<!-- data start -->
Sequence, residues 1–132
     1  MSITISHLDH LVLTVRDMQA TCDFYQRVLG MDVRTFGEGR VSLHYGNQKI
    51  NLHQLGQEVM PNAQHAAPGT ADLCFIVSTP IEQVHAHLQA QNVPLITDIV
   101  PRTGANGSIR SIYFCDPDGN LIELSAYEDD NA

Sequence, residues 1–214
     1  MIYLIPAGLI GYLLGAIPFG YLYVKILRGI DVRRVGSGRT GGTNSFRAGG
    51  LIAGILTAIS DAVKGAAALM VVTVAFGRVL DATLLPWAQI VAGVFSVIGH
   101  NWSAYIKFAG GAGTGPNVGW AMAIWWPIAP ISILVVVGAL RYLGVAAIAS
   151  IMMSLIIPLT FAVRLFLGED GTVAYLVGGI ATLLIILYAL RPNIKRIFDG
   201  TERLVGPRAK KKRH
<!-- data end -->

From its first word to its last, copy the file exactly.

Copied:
Sequence, residues 1–132
     1  MSITISHLDH LVLTVRDMQA TCDFYQRVLG MDVRTFGEGR VSLHYGNQKI
    51  NLHQLGQEVM PNAQHAAPGT ADLCFIVSTP IEQVHAHLQA QNVPLITDIV
   101  PRTGANGSIR SIYFCDPDGN LIELSAYEDD NA

Sequence, residues 1–214
     1  MIYLIPAGLI GYLLGAIPFG YLYVKILRGI DVRRVGSGRT GGTNSFRAGG
    51  LIAGILTAIS DAVKGAAALM VVTVAFGRVL DATLLPWAQI VAGVFSVIGH
   101  NWSAYIKFAG GAGTGPNVGW AMAIWWPIAP ISILVVVGAL RYLGVAAIAS
   151  IMMSLIIPLT FAVRLFLGED GTVAYLVGGI ATLLIILYAL RPNIKRIFDG
   201  TERLVGPRAK KKRH